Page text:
Revenge on The Mind

It's been hard to get last year's Connecticut game out of West Virginia's head this week. Honestly, it's all they can remember.

Seven fumbles. Four lost fumbles. One lost fumble on the 1-yard line in overtime. 13 points.

It was one of the worst nights in recent memory of the WVU football program. West Virginia dropped to last place in the Big East, and it is widely considered to be the turning point for Athletic Director Oliver Luck in his decision to make a change.

I'm sure I didn't need to recap the Mountaineers' 16-13 loss to the Huskies back on Oct. 29, 2010. It's probably fairly clear in your mind, as well.

Now, the Mountaineers will face the Huskies again.

And redemption is a hot topic in the Puskar Center.

"That game caused us to lose the Big East," said wide receiver Ivan McCartney. "We're really excited to get back out there and start Big East play this week because of that."

West Virginia is much more confident on the offensive side of the ball heading into this game, and rightfully so.

The Mountaineers are ranked as the 13th-best scoring offense (40.4 points per game) and 14th-best total offense (496 yards per game) in the nation heading into Saturday's game.

Last year, the Mountaineers were ranked 69th (26.14 ppg) and 70th (363.14 ypg) nationally in those two categories.

"I've seen tremendous improvement from our offense each week," said quarterback Geno Smith. "We understand what we need to do to be good, and we have been striving to do that. Our practices have been getting better each day, and we're going to continue to work to get better as a team."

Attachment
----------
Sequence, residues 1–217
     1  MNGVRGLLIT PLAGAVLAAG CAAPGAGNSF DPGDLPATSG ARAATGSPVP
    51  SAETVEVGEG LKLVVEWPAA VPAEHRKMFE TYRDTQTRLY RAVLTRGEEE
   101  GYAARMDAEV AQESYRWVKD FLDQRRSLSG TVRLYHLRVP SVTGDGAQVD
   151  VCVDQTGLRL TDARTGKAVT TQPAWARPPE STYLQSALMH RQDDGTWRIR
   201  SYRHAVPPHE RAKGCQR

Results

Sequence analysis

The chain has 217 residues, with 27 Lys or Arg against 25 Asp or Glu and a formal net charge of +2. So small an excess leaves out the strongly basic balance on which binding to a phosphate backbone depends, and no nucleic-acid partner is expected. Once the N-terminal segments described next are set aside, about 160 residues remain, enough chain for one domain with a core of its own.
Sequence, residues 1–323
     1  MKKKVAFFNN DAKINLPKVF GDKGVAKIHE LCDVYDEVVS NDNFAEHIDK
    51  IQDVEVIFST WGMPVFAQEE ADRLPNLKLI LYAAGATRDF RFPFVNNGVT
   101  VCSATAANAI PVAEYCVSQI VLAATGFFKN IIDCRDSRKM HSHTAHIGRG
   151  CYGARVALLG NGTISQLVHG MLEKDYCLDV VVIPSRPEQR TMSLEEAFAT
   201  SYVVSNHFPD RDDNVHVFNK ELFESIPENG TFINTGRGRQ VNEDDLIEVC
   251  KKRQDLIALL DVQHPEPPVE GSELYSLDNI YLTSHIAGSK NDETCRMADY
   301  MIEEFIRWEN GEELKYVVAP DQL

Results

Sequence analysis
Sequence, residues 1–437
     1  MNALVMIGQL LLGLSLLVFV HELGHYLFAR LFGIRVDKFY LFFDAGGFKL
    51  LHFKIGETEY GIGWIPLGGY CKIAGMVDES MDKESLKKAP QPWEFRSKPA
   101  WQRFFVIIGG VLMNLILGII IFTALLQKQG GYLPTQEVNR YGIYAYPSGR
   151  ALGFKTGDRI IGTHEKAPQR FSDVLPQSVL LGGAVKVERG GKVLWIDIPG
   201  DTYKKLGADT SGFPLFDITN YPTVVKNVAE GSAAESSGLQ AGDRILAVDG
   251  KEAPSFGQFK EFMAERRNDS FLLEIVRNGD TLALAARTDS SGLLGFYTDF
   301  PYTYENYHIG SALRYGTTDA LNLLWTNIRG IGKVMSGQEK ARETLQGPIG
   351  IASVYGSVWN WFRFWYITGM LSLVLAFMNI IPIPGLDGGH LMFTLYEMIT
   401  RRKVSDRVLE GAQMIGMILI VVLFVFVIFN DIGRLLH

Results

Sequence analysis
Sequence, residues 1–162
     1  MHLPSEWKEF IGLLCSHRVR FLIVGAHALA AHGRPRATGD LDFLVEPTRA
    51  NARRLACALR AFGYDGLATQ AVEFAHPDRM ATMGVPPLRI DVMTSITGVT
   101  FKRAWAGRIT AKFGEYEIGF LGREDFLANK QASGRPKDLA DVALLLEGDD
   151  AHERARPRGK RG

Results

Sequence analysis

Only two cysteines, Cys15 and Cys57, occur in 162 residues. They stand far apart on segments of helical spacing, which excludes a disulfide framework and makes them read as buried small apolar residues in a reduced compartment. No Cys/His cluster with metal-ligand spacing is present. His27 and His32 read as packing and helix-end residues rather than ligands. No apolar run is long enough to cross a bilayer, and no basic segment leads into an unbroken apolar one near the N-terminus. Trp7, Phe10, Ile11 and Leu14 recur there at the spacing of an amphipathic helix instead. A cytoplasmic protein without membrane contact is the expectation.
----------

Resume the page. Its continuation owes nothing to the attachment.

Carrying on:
The keys of the game, West Virginia players have learned from the past, focus strictly on turnovers.

While that statistic held true for many games the Mountaineers played last year last year, it has also been the case this season, as well.

In its two closest games, a 37-31 win at Maryland and a 47-21 loss vs. LSU, the Mountaineers turned the ball over a combined eight times – five of those coming against the Tigers.

"If you look back at last year's game, if we didn't turn the ball over we would've won the game," said inside receiver Tavon Austin. "We fumbled on the 1-yard line and that was the ball game. We definitely remember that, and that motivated them to get to the Fiesta Bowl."

Many fans consider WVU a heavy favorite against UConn, and the statistics would back up that statement.

However, the Huskies, just 2-3, have lost their three games by a combined total of 14 points including a three-point loss to Vanderbilt and a four-point loss vs. Iowa State.

"We should have a good game, but we can't really take these guys lightly," said wide receiver Stedman Bailey. "It's a conference game, so it's a big game."

In addition, UConn has one of the toughest rush defenses in the country to go up against the Mountaineers' newly found successful rushing attack. Still, the Huskies have had struggles defending the pass this season.

"It's the same players as last year, but it's a different scheme. Every coach has a different philosophy," Smith said. "We have to work our butts off. We can't take anyone lightly. We can't look at the paper stats, because anything can happen on any given Saturday."

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